Without a doubt, an entrepreneur’s biggest fear is failing–understandably, because 95 percent of all businesses fail within the first five years, Colleen Long, a psychologist who specializes in entrepreneurship, says. When you’re starting with those kinds of odds, it’s OK to be a little freaked out.

The list of what-ifs is endless: What if I’m not cut out for entrepreneurship? What if I can’t get this last deal? What if I go bankrupt? But the consequences of failure are mostly in your head, says Jim Koch, a well-known entrepreneur. He points to the concepts of subjective risk and objective risk: Subjective risk feels scary but is actually safe, whereas objective risk can feel safe but is actually quite dangerous. “Starting a business has a lot of subjective risk,” he says. “Yes, it feels scary, but it’s not. At the end of the day, the risk is small.”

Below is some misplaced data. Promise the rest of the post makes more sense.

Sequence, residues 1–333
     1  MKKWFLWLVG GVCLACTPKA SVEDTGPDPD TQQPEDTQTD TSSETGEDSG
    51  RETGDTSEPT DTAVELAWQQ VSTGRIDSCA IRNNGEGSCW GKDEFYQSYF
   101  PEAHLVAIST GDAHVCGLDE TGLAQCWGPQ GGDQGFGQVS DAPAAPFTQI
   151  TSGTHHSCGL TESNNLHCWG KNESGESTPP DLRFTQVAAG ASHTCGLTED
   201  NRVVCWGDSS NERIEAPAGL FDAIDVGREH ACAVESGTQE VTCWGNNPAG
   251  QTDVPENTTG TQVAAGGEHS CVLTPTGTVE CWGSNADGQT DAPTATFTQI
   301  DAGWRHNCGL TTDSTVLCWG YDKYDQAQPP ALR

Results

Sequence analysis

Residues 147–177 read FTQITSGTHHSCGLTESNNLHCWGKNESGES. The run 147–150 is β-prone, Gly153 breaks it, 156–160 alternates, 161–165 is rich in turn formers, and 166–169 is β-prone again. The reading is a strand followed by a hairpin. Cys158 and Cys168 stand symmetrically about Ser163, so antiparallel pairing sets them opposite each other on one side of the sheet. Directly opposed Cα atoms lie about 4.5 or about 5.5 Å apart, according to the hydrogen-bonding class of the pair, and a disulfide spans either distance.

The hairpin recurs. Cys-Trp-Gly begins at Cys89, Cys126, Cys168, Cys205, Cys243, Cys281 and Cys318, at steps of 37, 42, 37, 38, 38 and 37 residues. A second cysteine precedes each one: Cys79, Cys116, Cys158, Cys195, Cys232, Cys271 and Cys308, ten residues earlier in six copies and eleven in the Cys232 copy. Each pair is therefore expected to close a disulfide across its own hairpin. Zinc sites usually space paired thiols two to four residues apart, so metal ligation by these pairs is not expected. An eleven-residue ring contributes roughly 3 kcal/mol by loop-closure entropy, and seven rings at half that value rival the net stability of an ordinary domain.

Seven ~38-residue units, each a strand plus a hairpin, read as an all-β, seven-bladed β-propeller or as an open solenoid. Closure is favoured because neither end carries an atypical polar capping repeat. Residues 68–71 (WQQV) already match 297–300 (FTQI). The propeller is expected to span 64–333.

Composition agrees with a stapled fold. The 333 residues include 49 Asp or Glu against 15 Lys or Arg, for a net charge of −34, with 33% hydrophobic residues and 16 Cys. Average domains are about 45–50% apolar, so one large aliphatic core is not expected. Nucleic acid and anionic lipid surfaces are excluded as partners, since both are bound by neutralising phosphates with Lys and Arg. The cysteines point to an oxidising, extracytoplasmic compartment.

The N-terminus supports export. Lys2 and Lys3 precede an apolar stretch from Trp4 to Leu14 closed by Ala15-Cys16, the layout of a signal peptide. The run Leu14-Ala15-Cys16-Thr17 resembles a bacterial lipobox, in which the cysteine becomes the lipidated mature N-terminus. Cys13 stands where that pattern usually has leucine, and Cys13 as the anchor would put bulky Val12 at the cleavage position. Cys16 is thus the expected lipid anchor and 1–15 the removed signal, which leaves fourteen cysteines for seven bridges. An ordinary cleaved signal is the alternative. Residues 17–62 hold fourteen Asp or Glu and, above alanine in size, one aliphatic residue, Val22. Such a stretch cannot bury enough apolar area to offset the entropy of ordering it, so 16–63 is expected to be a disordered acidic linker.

“Because entrepreneurs typically work in a vacuum, self-defeating thoughts can become very common,” Long says. “These unconscious thoughts build upon each other, making you feel increasingly negative and scared.”

She advises keeping tabs on yourself by regularly writing a list of accomplishments. Whether you gained three new clients, received positive feedback or sealed a partnership, write it down. “Whenever those fears crop up, you’ve got a point of reference [that shows] you’re actually achieving something,” Long says.

Photo by scornejor.

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